Business 1.0 January/February 2023January 31st, 2023 by Nathan Hobbs
The Case for Rut Dwellers
By Lyle R. Hill
I’m a little reluctant—maybe even embarrassed—to admit this, but I am a confirmed rut dweller, a true creature of habit. When I find something I like or that works for me, I’m done looking. It’s just how I am, and I’m probably incapable of changing.
The Breakfast Cycle
So, day after day and week after week, my morning routine never varied. I would leave home to head to work and always, with rare exceptions, make a stop at the fast food establishment on my route. It was, after all, not out of my way. I didn’t have to leave my car, and a hot cup of coffee and a warm muffin were the perfect companions for my 40-minute morning commute.
“Good morning,” came the voice from inside the little box with the “order here” sign above it. “Can I take your order?”
“Yes, thank you,” I replied. “I’d like a medium coffee with one cream and a warm blueberry muffin.”
The process was designed to be simple, quick and efficient. But it often was not any of those. After payment was made at window number one, I would advance to window number two to pick up my order. And most mornings, that is when the fun began.
At a certain point in time, I kept a scorecard—a little spiral-bound notebook—of the most common mistakes or problems I encountered while simply trying to get my morning coffee and muffin order processed correctly. The two-month-long study resulted in the following: Three out of five days, my order was wrong.
The most common mistake was with the coffee—either no cream, sugar that had not been requested or the wrong coffee size. Twice I got orange juice instead of coffee, and once I received a Diet Coke. I also noticed that the personnel turnover seemed to be getting worse and that the speed of service had slowed considerably.
The mistakes were always corrected but not always as fast as I would like. Why didn’t I find another place to go? That’s a fair question, but rut dwellers do not make changes easily. I kept returning because the place was on my route, the prices were reasonable, and I never had to inconvenience myself by getting out of my car. At a certain point in time, though, I reached the point of no return, and stopped going back.
The Closest Alternative
The closest alternative for my morning coffee and muffin was a small corner convenience store which was not too much out of the way. To stop there would require me to park my car and go inside. I would also be handed an empty cup requiring me to pour my own coffee and add the cream as well. The transaction would also cost a little more than I had been used to paying. But because I had reached a level of frustration with the more convenient and cheaper supplier, I made the switch.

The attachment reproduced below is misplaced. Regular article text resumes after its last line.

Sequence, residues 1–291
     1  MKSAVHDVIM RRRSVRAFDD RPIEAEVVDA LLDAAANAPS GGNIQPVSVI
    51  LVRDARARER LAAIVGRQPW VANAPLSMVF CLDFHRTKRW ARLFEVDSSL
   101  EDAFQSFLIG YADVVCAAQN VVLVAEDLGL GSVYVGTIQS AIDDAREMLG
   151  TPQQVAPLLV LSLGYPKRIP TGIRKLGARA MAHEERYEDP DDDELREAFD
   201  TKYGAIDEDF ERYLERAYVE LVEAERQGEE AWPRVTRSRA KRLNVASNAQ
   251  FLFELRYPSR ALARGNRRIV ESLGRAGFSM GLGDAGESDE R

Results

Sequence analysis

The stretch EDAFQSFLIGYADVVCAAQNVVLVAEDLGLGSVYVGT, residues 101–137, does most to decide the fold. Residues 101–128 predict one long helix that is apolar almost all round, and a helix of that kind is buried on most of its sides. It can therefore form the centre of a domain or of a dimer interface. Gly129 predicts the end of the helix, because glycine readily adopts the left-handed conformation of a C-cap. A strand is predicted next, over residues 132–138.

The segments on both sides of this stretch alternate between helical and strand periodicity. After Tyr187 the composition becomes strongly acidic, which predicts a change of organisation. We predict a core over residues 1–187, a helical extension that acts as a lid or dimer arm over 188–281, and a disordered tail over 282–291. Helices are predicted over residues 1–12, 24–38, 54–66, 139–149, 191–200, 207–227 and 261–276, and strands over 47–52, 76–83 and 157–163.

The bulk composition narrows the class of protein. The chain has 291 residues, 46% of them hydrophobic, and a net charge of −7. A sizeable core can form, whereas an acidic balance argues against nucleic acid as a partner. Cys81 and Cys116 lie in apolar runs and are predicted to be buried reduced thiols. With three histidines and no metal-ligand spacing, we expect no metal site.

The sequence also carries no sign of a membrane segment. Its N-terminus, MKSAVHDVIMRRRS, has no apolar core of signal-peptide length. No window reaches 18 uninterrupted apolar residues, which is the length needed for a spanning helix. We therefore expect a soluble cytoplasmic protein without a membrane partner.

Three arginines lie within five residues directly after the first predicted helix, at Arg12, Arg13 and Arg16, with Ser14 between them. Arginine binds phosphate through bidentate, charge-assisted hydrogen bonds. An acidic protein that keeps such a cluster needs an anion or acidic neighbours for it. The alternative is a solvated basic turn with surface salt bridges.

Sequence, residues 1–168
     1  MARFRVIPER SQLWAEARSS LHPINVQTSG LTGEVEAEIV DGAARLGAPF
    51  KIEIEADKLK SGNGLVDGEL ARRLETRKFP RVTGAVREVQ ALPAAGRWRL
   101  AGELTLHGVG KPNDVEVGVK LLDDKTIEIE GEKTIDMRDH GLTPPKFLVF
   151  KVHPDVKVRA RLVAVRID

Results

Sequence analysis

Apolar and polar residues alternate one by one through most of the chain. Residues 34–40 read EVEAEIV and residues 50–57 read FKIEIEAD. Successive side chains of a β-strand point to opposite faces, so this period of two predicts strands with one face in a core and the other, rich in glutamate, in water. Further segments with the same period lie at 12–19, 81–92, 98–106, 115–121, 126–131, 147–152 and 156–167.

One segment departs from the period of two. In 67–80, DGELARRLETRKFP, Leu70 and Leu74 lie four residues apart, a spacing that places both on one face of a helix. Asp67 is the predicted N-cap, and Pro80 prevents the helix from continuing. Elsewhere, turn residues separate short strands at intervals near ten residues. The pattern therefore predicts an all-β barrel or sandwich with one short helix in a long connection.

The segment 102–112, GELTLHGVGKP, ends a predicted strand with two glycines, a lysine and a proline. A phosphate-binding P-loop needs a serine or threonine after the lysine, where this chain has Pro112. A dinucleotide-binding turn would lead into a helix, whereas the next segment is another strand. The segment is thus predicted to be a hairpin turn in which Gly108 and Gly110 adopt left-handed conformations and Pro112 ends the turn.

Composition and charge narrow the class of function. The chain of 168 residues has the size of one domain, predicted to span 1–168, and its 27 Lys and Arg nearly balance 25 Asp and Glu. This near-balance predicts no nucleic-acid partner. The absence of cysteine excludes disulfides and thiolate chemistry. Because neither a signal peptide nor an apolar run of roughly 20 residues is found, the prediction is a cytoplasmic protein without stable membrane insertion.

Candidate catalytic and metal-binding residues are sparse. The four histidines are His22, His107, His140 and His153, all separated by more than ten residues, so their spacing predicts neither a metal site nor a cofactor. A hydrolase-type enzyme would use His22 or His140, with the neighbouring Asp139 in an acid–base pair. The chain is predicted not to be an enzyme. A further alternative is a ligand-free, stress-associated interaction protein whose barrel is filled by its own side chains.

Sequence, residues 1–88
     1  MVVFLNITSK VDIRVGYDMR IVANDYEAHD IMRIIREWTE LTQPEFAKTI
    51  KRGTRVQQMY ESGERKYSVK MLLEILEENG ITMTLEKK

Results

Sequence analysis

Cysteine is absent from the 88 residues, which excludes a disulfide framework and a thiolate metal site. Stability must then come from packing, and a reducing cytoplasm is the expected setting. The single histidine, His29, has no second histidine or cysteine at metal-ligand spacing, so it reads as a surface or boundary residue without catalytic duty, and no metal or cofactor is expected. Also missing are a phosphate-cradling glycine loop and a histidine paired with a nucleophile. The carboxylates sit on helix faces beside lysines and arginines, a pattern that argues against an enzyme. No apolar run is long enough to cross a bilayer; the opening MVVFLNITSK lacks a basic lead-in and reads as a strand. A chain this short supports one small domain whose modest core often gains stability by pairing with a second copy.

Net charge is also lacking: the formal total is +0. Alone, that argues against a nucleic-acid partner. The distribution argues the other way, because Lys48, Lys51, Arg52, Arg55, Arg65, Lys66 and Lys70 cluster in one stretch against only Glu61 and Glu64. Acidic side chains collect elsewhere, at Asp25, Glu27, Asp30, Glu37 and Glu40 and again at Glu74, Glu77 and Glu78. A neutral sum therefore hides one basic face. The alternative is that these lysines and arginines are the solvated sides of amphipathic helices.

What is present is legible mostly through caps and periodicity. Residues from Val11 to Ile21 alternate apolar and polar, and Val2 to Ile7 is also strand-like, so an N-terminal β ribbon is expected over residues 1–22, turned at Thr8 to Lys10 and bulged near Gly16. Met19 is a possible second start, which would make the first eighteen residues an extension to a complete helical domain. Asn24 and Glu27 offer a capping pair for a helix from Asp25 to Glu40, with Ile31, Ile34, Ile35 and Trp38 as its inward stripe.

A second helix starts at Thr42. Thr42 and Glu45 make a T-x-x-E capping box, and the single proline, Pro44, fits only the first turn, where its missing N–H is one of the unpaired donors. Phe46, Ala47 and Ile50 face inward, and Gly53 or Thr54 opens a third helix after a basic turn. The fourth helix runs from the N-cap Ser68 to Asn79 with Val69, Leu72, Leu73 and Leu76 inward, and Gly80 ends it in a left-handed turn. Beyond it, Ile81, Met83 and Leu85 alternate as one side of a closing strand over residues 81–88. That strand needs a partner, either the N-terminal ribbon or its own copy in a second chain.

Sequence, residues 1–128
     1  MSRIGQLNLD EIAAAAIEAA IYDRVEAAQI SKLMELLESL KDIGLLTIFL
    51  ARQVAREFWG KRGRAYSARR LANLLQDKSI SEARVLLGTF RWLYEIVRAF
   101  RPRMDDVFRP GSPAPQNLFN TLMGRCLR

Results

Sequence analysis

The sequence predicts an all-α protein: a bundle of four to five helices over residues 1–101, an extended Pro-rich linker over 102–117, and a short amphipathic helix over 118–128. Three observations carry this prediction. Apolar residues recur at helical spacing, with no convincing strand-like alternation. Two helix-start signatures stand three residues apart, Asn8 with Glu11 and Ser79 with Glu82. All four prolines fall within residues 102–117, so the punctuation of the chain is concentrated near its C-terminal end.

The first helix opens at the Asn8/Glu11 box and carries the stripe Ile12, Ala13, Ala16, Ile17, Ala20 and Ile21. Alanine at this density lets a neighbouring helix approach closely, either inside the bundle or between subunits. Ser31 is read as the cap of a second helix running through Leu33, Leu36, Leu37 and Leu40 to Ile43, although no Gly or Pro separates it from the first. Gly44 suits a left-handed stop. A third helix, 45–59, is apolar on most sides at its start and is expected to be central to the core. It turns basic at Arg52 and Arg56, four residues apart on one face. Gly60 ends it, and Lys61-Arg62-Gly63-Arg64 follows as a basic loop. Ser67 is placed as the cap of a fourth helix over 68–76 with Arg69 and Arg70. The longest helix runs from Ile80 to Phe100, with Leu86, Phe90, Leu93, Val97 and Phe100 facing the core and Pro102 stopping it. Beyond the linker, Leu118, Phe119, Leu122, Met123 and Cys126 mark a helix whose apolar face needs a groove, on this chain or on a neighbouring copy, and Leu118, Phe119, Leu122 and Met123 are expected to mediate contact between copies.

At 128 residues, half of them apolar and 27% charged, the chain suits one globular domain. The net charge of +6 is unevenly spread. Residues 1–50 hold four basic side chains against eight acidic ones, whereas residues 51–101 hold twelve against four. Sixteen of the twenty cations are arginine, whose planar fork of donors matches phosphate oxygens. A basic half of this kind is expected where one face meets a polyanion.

Within about a week or so, the morning team at the convenience store knew my name and, if they were not involved with other customers, would have my coffee and muffin waiting for me when I walked through their door. Their names were Joe and Sharon, and every now and then I would add a bottle of grapefruit juice or a pack of gum to my order. They soon not only greeted me by name but seemed to be happy to see me.
I knew they treated most of their other customers the same way they treated me but somehow, I always felt like they appreciated my business. This almost-daily routine lasted for more than 14 years until I moved away from the neighborhood. During that time, I never once thought about the fact that it was costing me more time and money to deal with the new provider because I was pleased with the better level of service.
The lessons here are obvious. People—customers if you will—put up with a less-than-perfect experience in many cases because they have no interest in making a change. The “pain of change” concern often inhibits us from venturing out to find something different or better. There is also the old, “I’d rather deal with the devil I know than the one I don’t know,” that comes into play as well. We sometimes think a situation is less than ideal, but it could be even worse with someone new.
Even in these times, some customers like to be treated in a somewhat personal manner. I guess most of us like to go where everybody knows our name.
Lastly, there were times when Joe or Sharon made a mistake with my order, but because the relationship was always so positive, and I had built up a connection with them, it never bothered me. We rut dwellers are a loyal bunch if nothing else.
Humor columnist Lyle R. Hill is the former owner of a window film company in the Midwest. He also serves as president of Glass.com®, an information portal and job generation company. Hill has more than 50 years of experience in film and glass-related industries and can be reached at email@example.com.
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